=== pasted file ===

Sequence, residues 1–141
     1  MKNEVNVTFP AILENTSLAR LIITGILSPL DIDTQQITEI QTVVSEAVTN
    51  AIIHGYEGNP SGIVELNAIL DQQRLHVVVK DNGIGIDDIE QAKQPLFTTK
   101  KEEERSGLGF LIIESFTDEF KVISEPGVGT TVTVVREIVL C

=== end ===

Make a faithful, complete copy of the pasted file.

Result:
Sequence, residues 1–141
     1  MKNEVNVTFP AILENTSLAR LIITGILSPL DIDTQQITEI QTVVSEAVTN
    51  AIIHGYEGNP SGIVELNAIL DQQRLHVVVK DNGIGIDDIE QAKQPLFTTK
   101  KEEERSGLGF LIIESFTDEF KVISEPGVGT TVTVVREIVL C